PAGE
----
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There are No Wrong Answers (Except Yours)

MY WORK-LIFE BALANCE SHEET

MY WORK-LIFE BALANCE SHEET

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I suppose it says something about my problems with co-dependence that I’m thinking of lying to my computer screen. See, I just found this Web site called Quintessential Careers, founded by Dr. Randall Hansen, and on it is a work-life balance quiz The thing is, I was raised in a family of successful CEO’s whose idea of work-life balance was remembering not to back over the family on their way out of the garage. Needless to say, failing a test is not an option in this gene pool. But one look at the questions on Dr. Hansen’s quiz, and I know I’m going to be staring down the long barrel of defeat, or mired in the swamp of untapped potential, or some other metaphor that indicates severe choking in a clutch situation. (Once upon a time, I could have used the Boston Red Sox to drive this point home, but as of 2004, even that die-hard comparison went by the boards.)

So, even though this is an anonymous test, and the Quintessential Careers privacy policy guarantees that my e-mail will not be used for nefarious purposes, still I contemplate lying to a computer. What choice do I have? I mean, listen to some of these true-or-false questions: Number 6: “I feel stressed out most of the time.” Number 15: “I almost always bring work home with me.” Or unlucky Number 13: “I do what I do because so many people depend on me for their support.” Clearly, this test demands rigorous honesty, and clearly I must fudge my way out of that approach faster than you can say “Dr. Phil.” To do otherwise would be to let down my entire lineage. The proud Stern men did not raise a quitter. (No, they raised a recovering addict with ADD, but that’s another story.)

If one answers “true” to two or less of Dr. Hansen’s inquiries, the grading scale shows that person to be in pretty good work-life balance, and urges continued vigilance in keeping the balance up. Three to five true responses finds you teetering on the edge, and suggests making changes before being overwhelmed by work. More than five true responses puts you fully in “out of balance” territory, and warns that things may come crashing down around you. Thankfully, Dr. Hansen does provide a link to Ten Tips For Achieving Better Life Balance, so those of us who score high on this quiz are given some good advice as to how to get back on track. Hey, wait a minute….what did I just say? “Those who score high…” That’s it! I scored fifteen out of fifteen on the quiz: the highest possible score! I am, after all, proudly upholding my family legacy as an overachiever. I’m a winner! At least that’s what I will tell the men in the Stern family. And since they’re too busy to check out my blog anyway, the only people who will know my horrible secret about struggling to be a sensitive husband and father while achieving success at work are the people who are reading this right now. And that number is, potentially, only in the millions. What a relief!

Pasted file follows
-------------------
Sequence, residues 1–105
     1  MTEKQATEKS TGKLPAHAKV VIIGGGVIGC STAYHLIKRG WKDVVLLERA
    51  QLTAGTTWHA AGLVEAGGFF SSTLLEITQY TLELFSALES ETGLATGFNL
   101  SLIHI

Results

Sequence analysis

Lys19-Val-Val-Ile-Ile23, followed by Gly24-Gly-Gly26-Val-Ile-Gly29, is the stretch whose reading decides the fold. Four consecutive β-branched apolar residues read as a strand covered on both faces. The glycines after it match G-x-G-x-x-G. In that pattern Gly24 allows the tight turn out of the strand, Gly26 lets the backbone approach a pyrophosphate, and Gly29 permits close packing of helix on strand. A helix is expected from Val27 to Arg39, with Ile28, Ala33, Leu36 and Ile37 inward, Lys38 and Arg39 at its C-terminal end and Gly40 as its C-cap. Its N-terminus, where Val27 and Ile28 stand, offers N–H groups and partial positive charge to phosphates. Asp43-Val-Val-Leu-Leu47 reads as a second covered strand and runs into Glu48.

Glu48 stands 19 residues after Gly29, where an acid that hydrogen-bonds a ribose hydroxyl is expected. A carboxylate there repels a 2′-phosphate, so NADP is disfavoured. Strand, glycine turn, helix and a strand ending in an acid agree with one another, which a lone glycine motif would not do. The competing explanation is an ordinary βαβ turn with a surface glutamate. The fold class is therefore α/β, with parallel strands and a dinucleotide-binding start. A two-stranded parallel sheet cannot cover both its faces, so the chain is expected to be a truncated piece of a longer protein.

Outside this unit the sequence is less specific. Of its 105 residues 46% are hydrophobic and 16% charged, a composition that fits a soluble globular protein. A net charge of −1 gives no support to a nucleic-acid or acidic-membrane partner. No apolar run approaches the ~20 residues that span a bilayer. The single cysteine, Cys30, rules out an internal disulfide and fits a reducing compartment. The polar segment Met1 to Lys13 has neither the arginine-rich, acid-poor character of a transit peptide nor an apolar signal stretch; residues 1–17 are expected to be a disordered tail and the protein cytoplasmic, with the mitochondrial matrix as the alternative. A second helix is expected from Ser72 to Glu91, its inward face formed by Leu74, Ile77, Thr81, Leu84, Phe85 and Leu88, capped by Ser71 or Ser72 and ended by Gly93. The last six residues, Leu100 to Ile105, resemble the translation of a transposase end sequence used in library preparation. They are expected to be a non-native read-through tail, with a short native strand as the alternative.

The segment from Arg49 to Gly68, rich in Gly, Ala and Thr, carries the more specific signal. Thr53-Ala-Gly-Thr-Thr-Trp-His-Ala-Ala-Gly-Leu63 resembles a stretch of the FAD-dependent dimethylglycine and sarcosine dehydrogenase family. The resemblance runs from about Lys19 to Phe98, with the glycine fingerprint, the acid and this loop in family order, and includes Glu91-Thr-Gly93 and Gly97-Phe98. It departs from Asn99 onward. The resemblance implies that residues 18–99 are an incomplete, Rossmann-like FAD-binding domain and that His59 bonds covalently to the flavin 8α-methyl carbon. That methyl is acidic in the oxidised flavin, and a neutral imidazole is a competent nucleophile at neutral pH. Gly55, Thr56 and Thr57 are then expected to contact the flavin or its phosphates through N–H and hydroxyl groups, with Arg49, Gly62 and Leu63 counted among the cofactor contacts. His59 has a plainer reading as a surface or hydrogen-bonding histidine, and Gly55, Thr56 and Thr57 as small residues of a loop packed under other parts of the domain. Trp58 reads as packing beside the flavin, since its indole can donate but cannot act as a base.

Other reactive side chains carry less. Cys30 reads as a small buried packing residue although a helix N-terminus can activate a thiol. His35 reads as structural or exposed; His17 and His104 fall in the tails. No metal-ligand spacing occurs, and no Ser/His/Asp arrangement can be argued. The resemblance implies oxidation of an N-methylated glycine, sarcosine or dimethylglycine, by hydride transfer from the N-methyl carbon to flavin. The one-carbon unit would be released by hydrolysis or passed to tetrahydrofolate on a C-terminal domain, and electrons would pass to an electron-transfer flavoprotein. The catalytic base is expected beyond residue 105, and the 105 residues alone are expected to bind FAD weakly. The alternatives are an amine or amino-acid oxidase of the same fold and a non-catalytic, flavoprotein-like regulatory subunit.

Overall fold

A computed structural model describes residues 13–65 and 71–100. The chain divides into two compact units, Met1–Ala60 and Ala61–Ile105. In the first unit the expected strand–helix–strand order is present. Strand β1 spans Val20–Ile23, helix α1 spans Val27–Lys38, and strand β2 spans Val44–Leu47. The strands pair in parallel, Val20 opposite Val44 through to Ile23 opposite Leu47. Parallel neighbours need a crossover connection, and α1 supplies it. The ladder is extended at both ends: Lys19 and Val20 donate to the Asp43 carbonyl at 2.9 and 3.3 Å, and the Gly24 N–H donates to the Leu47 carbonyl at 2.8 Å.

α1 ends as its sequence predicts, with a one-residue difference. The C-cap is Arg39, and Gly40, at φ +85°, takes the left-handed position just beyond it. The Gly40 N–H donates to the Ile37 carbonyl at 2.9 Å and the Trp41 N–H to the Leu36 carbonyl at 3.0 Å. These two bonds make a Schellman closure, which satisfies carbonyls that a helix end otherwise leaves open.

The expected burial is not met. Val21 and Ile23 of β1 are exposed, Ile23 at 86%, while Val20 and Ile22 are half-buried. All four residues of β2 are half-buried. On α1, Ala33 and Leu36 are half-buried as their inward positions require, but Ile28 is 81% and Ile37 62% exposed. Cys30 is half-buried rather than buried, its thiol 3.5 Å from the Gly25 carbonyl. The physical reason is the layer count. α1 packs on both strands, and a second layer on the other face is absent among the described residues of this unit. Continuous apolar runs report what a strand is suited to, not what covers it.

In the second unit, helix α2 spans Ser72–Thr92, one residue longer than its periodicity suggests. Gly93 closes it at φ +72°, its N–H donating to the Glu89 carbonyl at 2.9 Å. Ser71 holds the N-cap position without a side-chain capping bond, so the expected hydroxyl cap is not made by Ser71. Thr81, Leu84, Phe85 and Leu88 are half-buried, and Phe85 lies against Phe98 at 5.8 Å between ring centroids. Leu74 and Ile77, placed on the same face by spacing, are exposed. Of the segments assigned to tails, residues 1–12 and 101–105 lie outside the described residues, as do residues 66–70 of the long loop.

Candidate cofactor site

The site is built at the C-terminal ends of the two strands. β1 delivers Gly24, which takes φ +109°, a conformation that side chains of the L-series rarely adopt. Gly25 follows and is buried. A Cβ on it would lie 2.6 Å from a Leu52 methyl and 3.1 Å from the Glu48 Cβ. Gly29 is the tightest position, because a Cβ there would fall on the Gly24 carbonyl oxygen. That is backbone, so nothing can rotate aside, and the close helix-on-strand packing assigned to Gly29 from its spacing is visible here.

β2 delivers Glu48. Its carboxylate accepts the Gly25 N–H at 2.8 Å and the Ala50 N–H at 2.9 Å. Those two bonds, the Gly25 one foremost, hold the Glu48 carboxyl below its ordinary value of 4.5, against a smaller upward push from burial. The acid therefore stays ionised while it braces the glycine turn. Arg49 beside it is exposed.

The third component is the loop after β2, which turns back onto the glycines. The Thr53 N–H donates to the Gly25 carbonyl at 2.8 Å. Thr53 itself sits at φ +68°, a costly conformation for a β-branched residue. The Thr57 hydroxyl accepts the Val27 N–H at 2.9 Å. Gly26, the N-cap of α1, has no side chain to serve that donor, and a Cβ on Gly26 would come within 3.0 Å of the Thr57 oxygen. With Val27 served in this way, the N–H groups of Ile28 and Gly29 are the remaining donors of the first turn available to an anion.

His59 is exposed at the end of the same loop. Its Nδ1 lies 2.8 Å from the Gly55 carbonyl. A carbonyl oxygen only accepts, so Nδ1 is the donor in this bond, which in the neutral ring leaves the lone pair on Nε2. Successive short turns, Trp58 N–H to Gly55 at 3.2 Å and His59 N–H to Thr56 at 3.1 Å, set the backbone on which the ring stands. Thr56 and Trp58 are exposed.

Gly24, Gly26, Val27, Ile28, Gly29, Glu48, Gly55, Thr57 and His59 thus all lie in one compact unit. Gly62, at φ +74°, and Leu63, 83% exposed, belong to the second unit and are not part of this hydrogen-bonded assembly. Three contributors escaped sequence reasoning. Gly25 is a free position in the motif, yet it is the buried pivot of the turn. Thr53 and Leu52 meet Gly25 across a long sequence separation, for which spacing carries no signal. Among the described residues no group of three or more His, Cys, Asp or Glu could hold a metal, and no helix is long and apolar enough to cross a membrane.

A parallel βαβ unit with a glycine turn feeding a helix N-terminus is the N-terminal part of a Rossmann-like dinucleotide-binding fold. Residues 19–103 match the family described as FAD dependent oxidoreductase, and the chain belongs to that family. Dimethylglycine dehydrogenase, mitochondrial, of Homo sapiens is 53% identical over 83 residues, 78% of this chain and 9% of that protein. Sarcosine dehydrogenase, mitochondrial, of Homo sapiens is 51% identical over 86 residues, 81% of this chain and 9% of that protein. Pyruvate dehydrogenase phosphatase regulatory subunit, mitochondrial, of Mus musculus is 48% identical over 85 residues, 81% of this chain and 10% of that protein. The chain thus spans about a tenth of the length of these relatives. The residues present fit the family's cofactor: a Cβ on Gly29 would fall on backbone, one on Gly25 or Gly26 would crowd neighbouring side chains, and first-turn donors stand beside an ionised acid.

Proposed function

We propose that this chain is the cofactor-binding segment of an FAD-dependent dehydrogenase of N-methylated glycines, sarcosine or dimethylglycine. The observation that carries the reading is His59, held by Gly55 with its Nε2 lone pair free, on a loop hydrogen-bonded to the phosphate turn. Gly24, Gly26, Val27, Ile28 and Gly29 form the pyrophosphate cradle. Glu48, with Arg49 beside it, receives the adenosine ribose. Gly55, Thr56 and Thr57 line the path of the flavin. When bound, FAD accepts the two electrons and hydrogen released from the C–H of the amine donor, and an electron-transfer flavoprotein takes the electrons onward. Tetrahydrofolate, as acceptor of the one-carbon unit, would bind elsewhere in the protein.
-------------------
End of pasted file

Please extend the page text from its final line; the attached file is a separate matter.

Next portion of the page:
Top Three Takeways:

  1. I joke, but it’s really not cool to manipulate a test result to suit your own version of the events. Please, leave that kind of thing to the government.
  2. No matter how you scored on the work-life balance quiz, change and growth are always possible. Okay, so I watch Oprah, you got a problem with that?
  3. Revealing tests such as these prove that the Internet is not just a place to take up your valuable time in Web surfing. It is also a place to take up your valuable time learning what a basket case you are.

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